“We have a huge responsibility,” Dimitrov said adding that his country is aware of concerns its neighbours may have.
“It is clear that the identity is very important for us. We have to find a way to convince our Greek colleagues that there is a clear distinction between our country and a region which includes northern Greece,” he said
Dimitrov said that fYROM, which was granted European Union candidacy status in 2005, hopes to set a date to start membership talks in June. It is also seeking an invitation to join Nato, which already includes most of its neighbours.
“I am a cautious optimist,” Dimitrov said referring to the resolution of the name dispute.
GREEK POLITICAL SPECTRUM
The launching of the negotiations has gave the signal for a new round of political arguments in Greece.
Greek government officials have suggested Greece would try to focus on brokering an agreement which calls for a compound name with a geographical qualifier, as it was the position kept by the government of Kostas Karamanlis in the NATO Summit of 2008 in Bucharest, that ended with a Greek veto blocking fYROM’s entrance to the Atlantic Alliance.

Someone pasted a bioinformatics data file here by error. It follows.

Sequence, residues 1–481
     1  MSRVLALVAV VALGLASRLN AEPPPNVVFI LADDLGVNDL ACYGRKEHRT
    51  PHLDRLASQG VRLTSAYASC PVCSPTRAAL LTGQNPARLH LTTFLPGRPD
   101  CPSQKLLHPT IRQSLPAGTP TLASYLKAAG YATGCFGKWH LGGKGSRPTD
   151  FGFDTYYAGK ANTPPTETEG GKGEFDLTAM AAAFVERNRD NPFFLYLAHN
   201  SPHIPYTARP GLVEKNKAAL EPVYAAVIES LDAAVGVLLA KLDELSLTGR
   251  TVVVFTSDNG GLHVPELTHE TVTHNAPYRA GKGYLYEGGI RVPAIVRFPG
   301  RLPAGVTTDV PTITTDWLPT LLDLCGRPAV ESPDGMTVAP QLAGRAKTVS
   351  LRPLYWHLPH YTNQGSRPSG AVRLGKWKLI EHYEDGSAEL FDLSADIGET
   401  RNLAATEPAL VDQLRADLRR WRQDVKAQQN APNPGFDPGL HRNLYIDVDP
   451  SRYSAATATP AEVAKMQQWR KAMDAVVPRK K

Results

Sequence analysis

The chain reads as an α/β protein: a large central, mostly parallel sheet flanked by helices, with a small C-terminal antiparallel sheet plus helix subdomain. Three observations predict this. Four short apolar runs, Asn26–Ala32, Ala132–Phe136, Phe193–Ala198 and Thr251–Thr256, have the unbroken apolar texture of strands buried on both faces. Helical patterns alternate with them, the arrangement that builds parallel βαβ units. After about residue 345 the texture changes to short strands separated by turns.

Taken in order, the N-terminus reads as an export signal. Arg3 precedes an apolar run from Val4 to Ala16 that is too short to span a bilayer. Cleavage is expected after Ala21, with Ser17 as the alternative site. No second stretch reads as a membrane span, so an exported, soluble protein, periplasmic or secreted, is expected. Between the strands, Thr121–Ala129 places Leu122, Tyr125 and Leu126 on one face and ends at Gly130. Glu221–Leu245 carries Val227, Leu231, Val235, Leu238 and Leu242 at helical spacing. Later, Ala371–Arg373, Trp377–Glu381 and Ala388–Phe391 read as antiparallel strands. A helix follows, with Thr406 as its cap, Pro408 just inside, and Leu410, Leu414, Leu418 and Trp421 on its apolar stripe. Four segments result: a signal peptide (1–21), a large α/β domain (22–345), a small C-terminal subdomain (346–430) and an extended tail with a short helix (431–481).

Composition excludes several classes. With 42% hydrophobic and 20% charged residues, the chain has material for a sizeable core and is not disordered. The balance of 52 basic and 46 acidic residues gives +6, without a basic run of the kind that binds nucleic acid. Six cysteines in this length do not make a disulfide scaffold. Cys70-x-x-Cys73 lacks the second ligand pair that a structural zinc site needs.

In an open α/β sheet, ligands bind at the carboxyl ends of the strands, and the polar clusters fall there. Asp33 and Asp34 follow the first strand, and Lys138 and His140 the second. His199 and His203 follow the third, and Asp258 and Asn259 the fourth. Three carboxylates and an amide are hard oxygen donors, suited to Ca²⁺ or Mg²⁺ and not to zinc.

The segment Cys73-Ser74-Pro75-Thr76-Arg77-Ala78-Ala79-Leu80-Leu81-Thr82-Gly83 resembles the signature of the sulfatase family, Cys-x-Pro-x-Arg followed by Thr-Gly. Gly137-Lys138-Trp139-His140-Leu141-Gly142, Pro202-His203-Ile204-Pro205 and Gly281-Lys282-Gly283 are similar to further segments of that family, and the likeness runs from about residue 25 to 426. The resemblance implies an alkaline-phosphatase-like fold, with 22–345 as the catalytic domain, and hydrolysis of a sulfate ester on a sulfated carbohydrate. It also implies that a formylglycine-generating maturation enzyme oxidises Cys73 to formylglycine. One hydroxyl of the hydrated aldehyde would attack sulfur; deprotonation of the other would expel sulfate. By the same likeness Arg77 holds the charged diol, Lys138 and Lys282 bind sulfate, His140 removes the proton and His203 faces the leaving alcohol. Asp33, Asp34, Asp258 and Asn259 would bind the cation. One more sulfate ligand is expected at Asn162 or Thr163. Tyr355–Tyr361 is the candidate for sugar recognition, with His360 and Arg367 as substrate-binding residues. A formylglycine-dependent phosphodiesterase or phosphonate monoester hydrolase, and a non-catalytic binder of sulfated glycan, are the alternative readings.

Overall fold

Panos Kammenos, the leader of junior coalition partner Independent Greeks (ANEL), insists of name that doesn’t include the term “Macedonia” and he has proposed holding a referendum on the name dispute.
“The Greek people will have to decide on the unprecedented, in the history of man, [decision to] cede their history and civilization to another people,” Kammenos said in an op-ed in Kyriakatiki Dimokratia newspaper to be published Sunday.
“Including the term ‘Macedonia’ in the [new] name would signal the retrenchment of Greek civilization in the centuries to come,” said Kammenos, who is also defense minister.
“There is only one Macedonia and it is Greek, like Constantine Karamanlis said. We don’t confer the Greek term ‘Macedonia’. There are Slavic terms, such as Vardarska, which can be used and which do not contain the term Macedonia, which we do not accept,” Kammenos said on Thursday.
FYROM’s name must not be ‘vehicle for irredentism,’ Alternate Foreign Minister George Katrougalos said on Saturday, appearing on an ERT public television programme.
In his interview, Katrougalos said that Athens wanted “a restoration of history; for the name that they have to be separate from the historicity of our Macedonia.”
“What we are negotiating is a name that will distinctly differentiate historic Greek Macedonia from the state of Skopje and will not serve as a vehicle for territorial ambitions against our own country, a vehicle of irredentism,” he said.